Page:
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Minolta XG-M

The Minolta XG Series cameras were produced between 1977 and 1984, and their design reflected the advances in electronics and miniaturisation of the time.

Some of the key features of the XG series included; an over-sized mirror which eliminates telephoto cut-off, an electronic shutter release with touch-switch shutter button that turned on the LED metering display (i.e. at a touch of a finger), a shutter release socket which accepted both electronic release or traditional cable releases, and an electronic self-timer.

Nikkormat FT2

Nikkormat (Nikomat in Japan) was a brand of cameras produced by the Japanese optics company Nippon Kogaku K. K., as a consumer version of the professional Nikon brand. Nikkormat cameras, produced from 1965 until 1978, were simpler and more affordable than Nikon-branded cameras, but accepted the same lenses as the Nikon F series cameras.

Praktica BX-20

With the PRAKTICA BX 20 you have bought a high-quality 35 mm SLR camera that combines ease of operation with a versatility ideal for any kind of creative work.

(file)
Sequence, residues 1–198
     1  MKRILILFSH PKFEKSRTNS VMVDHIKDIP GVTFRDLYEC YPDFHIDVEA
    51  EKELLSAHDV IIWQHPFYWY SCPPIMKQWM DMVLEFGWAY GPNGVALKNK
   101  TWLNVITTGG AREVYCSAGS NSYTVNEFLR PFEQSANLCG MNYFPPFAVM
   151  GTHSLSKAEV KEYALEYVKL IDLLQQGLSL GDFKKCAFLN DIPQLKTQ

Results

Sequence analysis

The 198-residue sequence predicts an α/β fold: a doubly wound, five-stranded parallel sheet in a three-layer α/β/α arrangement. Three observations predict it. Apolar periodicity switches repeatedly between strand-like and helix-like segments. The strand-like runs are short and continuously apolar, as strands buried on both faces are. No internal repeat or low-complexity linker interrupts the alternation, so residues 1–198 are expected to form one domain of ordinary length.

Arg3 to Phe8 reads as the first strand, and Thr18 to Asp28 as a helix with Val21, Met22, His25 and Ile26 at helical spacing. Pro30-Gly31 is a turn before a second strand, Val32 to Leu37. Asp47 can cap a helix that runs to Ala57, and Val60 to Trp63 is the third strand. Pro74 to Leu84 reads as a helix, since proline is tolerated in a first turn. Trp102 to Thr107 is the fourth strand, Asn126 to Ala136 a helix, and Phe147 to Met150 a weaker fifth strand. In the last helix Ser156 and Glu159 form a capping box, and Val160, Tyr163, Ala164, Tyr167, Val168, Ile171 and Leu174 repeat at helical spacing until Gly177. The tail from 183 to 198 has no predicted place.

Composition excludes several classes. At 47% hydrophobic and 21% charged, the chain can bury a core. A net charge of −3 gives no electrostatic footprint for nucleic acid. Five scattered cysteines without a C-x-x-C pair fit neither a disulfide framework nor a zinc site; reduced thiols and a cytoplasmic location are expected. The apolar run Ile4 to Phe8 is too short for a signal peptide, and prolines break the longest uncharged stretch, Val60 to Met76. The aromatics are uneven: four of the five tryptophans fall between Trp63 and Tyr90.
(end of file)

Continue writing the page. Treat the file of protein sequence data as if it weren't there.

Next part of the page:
The shutter speeds are automatically controlled within the range from 1/1000 s to 40 s.(seconds) 

Canon A-1

The Canon A-1 is an advanced level single-lens reflex (SLR) 35 mm film camera for use with interchangeable lenses. It was manufactured by Canon Camera K. K. (today Canon Incorporated) in Japan from April 1978 to 1985. It employs a horizontal cloth-curtain focal-plane shutter with a speed range of 30 to 1/1000 second plus bulb and flash synchronization speed of 1/60 second. It has dimensions of 92 millimetres (3.6 in) height, 141 millimetres (5.6 in) width, 48 millimetres (1.9 in) depth and 620 grams (22 oz) weight.

Canon AE-1 Program

The Canon AE-1 Program is a 35 mm single-lens reflex camera that uses Canon's FD mount lenses. It was introduced in 1981 as the successor to the Canon AE-1, five years after that camera's introduction. The major difference was the addition of the Program AE mode first seen in the A-1. This mode sets both the shutter speed and aperture automatically—albeit with a slight bias towards the shutter speed setting. The user focuses the camera and then presses the shutter button.

Hasselblad 500 CM

The Hasselblad 500C was introduced in 1957 by the Victor Hasselblad AB, replacing the original focal plane shutter models 1600F and 1000F, which, despite the novel concept never got rid of the problems associated with the shutter. Realizing this, Hasselblad decided to start almost from scratch in order to make a more reliable model. It was a major decision for the company to create a completely new camera, only keeping the physical shape of the original, while everything inside would be new.

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